U.K. rethinks portal


United Kingdom officials launched the first phase of a new portal last week that represents a significant shift in the British government's approach to online information.

The U.K. Office of the e-Envoy said it developed the Directgov portal for citizens who want a more intuitive way to find government services. More than 800,000 people visited the UK Online portal in January alone, but the way that services were presented around life episodes, such as having a baby, starting a new school and looking after someone, was not very popular, according to officials.

In contrast, Directgov arranges services according to groups of citizens and categories of service. There is also a quick find section with common online services, an index of agencies and a full search engine.

"Directgov really addresses how people use the Internet today and incorporates best practice from the public and private sectors," e-Envoy Andrew Pinder said in a statement. "It has been designed around the needs of the customer, and we have sought feedback from users while building, testing and refining the site."

In addition to a new layout, Directgov also brings much more of the information and services to the central portal instead of immediately linking to details on department sites. In this first phase, however, actual online transactions still reside on those agencies' sites.

Directgov is still a subsite on the UK Online portal, but the Office of the e-Envoy is soliciting feedback on the structure and content, and officials expect to launch a full version of the portal before the end of 2004.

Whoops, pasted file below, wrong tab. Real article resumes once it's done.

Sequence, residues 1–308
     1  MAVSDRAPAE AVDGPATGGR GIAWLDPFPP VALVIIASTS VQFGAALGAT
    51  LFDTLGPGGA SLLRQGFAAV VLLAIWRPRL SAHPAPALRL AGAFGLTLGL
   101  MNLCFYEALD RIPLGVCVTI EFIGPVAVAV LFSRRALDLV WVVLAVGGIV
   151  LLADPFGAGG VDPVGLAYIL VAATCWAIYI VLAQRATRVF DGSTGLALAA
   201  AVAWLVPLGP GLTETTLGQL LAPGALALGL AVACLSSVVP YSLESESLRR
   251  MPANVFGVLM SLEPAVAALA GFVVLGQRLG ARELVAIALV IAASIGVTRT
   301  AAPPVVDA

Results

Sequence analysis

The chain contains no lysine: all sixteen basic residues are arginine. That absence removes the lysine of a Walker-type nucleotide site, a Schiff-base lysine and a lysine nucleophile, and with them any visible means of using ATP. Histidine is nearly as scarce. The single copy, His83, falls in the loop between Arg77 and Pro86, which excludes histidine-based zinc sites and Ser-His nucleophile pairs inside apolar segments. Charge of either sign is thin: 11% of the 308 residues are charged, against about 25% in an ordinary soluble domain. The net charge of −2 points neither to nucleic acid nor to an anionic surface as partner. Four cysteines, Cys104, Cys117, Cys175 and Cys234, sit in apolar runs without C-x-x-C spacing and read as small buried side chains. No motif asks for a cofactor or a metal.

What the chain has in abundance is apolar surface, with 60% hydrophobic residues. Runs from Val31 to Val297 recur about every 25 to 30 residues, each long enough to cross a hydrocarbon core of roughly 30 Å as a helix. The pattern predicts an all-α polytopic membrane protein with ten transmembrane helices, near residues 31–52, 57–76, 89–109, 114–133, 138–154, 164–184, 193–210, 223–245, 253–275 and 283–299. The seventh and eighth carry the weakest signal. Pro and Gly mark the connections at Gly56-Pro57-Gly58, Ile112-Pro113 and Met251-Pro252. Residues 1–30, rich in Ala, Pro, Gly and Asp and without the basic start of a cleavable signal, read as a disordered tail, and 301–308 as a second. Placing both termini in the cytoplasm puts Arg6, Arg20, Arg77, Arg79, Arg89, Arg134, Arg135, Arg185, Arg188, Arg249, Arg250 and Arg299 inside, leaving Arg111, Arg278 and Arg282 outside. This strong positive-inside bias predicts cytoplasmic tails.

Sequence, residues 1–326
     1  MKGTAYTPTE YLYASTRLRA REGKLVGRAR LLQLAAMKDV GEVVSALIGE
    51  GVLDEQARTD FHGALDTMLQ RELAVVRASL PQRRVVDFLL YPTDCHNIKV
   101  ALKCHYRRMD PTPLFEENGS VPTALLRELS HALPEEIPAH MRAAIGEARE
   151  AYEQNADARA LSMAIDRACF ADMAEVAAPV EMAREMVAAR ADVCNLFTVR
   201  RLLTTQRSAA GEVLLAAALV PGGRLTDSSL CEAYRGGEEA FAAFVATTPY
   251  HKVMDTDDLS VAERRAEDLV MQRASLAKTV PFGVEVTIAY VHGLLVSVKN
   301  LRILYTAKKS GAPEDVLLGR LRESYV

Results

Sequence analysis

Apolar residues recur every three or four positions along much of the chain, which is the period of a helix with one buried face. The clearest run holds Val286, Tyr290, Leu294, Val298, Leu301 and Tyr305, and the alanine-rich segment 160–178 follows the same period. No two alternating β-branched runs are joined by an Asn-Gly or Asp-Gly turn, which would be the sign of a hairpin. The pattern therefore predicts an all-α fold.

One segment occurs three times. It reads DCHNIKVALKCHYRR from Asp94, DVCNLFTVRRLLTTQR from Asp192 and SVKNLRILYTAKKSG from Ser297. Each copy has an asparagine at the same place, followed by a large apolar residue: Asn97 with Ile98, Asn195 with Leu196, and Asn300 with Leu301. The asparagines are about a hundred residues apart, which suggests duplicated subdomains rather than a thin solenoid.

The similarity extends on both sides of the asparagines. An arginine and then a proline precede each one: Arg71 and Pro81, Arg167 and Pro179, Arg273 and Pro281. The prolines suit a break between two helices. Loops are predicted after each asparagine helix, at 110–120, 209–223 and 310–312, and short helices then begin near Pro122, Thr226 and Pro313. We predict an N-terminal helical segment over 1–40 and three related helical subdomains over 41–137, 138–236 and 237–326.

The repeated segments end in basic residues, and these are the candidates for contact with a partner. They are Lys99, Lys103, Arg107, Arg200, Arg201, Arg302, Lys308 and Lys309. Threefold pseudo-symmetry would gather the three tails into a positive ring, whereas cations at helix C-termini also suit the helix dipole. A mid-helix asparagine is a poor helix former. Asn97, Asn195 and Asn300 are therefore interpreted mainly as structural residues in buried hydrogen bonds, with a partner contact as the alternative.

A new version of the United States' FirstGov portal launched last year, presenting information and services within four user groups and then divided by audience and topic. The redesign relied heavily on user input and testing, and the office that maintains the portal continues to regularly refine through feedback.

U.K. officials also posted a job opening for a new head of e-Government last week, a position that will essentially serve as the government's chief information officer, replacing the e-Envoy position within the Cabinet Office. The e-Envoy Office, created in 1999 to lead the government's technology and e-gov initiatives, expires in April.

The head of e-Government is a three-year position, and the official will work directly with the central government departments to drive strategy, standards, technical architecture, security and citizen-centered policies.

"Their task will be to focus on ensuring that IT supports the business transformation of government itself so that we can provide better, more efficient, public services," Douglas Alexander, minister for the Cabinet Office, said at the announcement in December 2003.


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